Australia’s skin cancer rate declines

08_Australia_s skin cancer rate declines

Evan Schwarten
(Australian Associated Press)

Australia no longer has the highest rate of deadly skin cancers in the world, ceding the unwanted title to New Zealand thanks to the success of decades of public health campaigns.

Researchers from Brisbane’s QIMR Berghofer Medical Research Institute have found that Australia’s per capita rates of invasive melanoma, the deadliest form of skin cancer, are on the decline and expected to fall further over the next 15 years.

Australia’s per capita invasive melanoma rate peaked at around 49 cases per 100,000 people in 2005 but that had dropped back to 48 cases per 100,000 by 2011, while New Zealand’s rate had climbed to 50 cases per 100,000.

By 2031, the researchers estimate Australia’s per capita rate will have fallen to 41 per 100,000.

The study’s leader, Professor David Whiteman, said, of the six nations covered by the research, Australia was the only country to record a fall in melanoma rates and attributed the result to the success of public health campaigns since the 1980s.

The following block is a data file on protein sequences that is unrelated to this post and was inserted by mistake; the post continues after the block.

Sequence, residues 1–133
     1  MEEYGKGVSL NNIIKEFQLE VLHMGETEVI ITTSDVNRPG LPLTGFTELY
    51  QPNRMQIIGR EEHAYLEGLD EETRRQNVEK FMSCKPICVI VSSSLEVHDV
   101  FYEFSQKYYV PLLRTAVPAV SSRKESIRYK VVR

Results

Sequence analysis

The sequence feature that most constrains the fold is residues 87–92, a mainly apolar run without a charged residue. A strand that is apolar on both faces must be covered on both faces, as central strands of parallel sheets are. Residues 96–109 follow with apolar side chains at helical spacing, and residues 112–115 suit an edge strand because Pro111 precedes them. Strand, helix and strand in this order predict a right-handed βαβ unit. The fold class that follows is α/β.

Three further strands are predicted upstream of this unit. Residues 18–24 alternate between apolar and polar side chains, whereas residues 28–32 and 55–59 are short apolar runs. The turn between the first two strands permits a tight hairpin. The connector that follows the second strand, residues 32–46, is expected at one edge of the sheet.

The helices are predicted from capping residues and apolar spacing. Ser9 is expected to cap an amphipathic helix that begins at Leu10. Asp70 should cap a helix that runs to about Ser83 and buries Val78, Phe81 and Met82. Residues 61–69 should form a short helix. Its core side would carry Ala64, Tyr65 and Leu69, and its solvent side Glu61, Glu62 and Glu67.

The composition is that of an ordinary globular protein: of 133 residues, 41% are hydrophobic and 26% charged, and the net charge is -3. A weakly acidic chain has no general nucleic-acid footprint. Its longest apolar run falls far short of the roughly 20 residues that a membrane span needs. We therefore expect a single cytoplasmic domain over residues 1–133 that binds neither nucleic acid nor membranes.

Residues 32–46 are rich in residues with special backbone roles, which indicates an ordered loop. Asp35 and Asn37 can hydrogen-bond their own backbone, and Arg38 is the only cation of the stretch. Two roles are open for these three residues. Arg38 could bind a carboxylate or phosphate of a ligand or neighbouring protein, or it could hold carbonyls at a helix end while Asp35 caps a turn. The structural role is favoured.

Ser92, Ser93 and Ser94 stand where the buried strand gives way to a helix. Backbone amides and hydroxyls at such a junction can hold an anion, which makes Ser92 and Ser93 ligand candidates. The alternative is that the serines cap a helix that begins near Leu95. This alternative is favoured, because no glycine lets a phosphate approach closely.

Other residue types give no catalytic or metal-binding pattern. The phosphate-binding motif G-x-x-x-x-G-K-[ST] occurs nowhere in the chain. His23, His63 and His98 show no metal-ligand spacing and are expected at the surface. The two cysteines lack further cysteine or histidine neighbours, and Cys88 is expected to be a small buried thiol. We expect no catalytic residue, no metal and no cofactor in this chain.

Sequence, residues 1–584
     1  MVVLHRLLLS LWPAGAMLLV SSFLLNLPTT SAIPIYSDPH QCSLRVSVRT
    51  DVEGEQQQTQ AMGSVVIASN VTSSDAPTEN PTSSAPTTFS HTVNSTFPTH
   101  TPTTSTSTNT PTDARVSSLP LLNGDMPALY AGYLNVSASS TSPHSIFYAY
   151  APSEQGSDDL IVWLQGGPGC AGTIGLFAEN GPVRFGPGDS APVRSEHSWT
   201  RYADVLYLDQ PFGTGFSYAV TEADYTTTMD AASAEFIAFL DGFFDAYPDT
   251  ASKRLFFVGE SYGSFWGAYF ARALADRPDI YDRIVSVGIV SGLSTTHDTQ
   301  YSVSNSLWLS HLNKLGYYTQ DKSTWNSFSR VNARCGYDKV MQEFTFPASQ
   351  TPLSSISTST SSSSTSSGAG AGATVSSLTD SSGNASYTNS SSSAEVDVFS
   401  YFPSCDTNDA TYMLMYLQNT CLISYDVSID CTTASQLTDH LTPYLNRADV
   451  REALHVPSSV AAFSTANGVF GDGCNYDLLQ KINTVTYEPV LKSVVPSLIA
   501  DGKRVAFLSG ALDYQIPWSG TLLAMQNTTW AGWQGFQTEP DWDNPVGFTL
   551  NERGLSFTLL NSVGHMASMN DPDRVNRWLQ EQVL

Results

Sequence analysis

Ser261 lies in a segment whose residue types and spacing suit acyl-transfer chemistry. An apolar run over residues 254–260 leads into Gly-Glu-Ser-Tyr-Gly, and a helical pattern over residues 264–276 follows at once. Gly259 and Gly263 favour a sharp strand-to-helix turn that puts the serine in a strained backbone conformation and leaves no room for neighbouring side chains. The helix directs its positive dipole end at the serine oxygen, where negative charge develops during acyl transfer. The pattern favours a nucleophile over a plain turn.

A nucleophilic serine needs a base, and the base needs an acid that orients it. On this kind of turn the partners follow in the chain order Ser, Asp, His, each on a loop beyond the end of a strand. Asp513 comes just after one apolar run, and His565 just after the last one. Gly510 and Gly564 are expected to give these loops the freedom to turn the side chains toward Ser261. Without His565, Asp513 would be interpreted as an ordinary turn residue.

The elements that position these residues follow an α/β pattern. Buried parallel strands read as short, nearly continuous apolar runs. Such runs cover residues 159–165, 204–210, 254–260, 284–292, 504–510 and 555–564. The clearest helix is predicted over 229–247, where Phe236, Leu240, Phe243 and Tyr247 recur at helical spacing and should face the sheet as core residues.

“Australians have become more sun smart as they have become more aware of the dangers of melanoma and other skin cancers,” he said.

“Schools, workplaces and childcare centres have also introduced measures to decrease exposure to harmful UV radiation.”

But Professor Whiteman said the decline in melanoma rates had only occurred among those under the age of about 50, who had benefited from the awareness campaigns.

“Unfortunately, rates of melanoma are still increasing in people over the age of about 50,” he said.

“This is probably because many older people had already sustained sun damage before the prevention campaigns were introduced and those melanomas are only appearing now, many decades after the cancer-causing exposure to sunlight occurred.”

And the news is not all good: while per capita rates are falling, the overall number of cases of invasive melanoma is still rising, due to population growth and an ageing population.

Professor Whiteman also stressed that Australians could not afford to become complacent about sun protection.

“It’s crucial that people of all ages protect themselves from the sun by wearing a hat and protective clothing, using sunscreen and, where possible, by staying out of the sun during the hottest part of the day.”


Like This